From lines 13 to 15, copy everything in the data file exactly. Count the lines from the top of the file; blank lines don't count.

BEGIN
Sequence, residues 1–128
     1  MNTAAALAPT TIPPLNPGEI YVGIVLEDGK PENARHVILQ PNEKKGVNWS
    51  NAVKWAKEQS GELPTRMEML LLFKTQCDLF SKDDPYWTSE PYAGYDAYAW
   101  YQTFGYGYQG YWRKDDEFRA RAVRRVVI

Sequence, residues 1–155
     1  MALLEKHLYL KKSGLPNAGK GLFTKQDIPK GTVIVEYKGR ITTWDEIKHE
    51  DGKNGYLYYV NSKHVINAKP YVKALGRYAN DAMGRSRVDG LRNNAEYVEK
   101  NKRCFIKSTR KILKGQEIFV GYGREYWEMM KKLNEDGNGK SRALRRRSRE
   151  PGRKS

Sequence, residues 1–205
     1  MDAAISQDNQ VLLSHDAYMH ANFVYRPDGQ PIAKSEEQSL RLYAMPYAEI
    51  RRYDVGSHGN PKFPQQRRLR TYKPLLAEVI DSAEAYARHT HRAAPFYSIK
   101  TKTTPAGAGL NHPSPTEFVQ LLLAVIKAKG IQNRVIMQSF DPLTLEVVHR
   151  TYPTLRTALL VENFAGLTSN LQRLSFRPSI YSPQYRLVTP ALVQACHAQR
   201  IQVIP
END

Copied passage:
   101  TKTTPAGAGL NHPSPTEFVQ LLLAVIKAKG IQNRVIMQSF DPLTLEVVHR
   151  TYPTLRTALL VENFAGLTSN LQRLSFRPSI YSPQYRLVTP ALVQACHAQR
   201  IQVIP